NCOP passes NHI Bill in face of widespread condemnation by health professionals, business and opposition
Now that the National Health Insurance Bill has been passed in the National Council of Provinces on the back of support from eight provinces, the controversial legislation will land in the in-tray of President Cyril Ramaphosa, who must decide what to do next.
The options are limited, but not without significance. According to the Constitution, a President can return a law to Parliament over procedural issues and concerns that it may not meet constitutional muster. Or he can refer the legislation directly to the Constitutional Court for a decision on its compatibility with South Africa’s supreme law.
At a media briefing on Wednesday immediately after the National Council of Provinces (NCOP) passed the National Health Insurance (NHI) Bill, Health Minister Joe Phaahla said the legislation would be implemented in stages once it got the presidential nod.
“The passage of the Bill does not close the door on consultations. This is just the beginning… In terms of implementation, all these stakeholders are key. The detail will emerge in regulations, directives and further policy and implementation plans,” Phaahla said.
“The implementation of the NHI, the fact that this will be disruptive, I can’t deny it, [but] the current situation is not sustainable.”
Shortly after Wednesday’s NCOP vote, the South African Health Professionals Collaboration called on President Cyril Ramaphosa to refer the NHI Bill back to Parliament for reconsideration. The collaboration represents more than 25,000 private and public healthcare workers from nine medical, dental, and allied associations.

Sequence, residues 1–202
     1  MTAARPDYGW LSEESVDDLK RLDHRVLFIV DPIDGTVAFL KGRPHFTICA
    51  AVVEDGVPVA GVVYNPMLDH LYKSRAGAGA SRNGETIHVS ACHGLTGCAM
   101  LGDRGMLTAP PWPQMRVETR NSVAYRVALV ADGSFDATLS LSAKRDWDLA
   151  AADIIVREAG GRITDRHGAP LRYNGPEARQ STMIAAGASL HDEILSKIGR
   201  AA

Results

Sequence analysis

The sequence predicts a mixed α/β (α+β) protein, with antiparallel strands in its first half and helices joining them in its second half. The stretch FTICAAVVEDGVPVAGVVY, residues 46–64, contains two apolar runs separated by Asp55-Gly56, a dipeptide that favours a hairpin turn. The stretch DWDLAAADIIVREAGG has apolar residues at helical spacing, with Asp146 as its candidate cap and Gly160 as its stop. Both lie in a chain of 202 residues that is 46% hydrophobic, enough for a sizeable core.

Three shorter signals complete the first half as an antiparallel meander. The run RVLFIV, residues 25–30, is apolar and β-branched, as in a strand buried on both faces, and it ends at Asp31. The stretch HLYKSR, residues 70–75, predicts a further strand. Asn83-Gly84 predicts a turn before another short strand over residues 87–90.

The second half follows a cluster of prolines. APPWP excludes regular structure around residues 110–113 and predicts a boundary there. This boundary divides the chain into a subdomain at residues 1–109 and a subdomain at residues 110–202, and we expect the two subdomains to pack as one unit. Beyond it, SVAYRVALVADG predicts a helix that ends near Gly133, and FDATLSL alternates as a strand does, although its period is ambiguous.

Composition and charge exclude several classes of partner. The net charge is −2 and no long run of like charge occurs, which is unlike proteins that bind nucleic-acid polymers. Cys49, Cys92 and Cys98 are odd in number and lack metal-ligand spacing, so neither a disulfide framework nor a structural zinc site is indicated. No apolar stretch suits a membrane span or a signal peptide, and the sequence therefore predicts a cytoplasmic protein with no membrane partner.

The Hospital Association of South Africa expressed disappointment. “We urge the Presidency to recognise the compelling inputs into the National Health Insurance Bill made by us and many others in healthcare and to address the issues raised by the private sector,” it said in a statement.
Last week, the DA said it would petition Ramaphosa not to sign the Bill into law, failing which it would try to mobilise a third of the 400 MPs to support legislators going to the Constitutional Court for a decision on the Bill’s validity.
Petitions to Ramaphosa will also come from organised business groupings Business Unity South Africa (Busa) and Business for South Africa (B4SA), given their lobbying.
“The business groups believe that the Bill, in its current format, is not only unworkable, unimplementable and unaffordable, but also unconstitutional, both on substantive and procedural grounds,” Busa and B4SA said in a joint statement shortly after the NCOP’s approval.
Last week, the business groups called for a delay in the vote in letters to Parliament’s presiding officers and Deputy President Paul Mashatile in his capacity as leader of government business, or the liaison between Cabinet and the national legislature.
In the wake of these letters, with just 30 minutes to go, the NCOP did defer the NHI Bill vote for a week at the request of the council’s chairperson, Amos Masondo. This effectively opened the door for conversations, as at this stage of the lawmaking further consultations and changes to the legislation are not possible.
Read more in Daily Maverick: NHI Bill vote delayed amid backroom political twists and last-minute business lobbying
In Wednesday’s NCOP vote, all provinces but the Western Cape were in favour of the Bill. This was expected — the provincial mandates that determine votes were put on public record in the NCOP health and social services committee on 21 November.
Having a debate was unusual for the NCOP, but this NHI Bill is a key political moment for the governing ANC as it marked the fulfilment of a policy principle that dates to the ANC’s 2007 Polokwane national conference and 2010 national general council.
The three-hour debate that gave the majority of speaking time to the ANC provided a PR platform for the party ahead of what’s expected to be a tough 2024 election campaign. That was signalled when Masondo told the NCOP, “We will now listen to the minister address the country.”
Applause from Cosatu
The political import so close to the 2024 elections was underscored in the applauded support from the ANC’s alliance partner Cosatu shortly after the vote.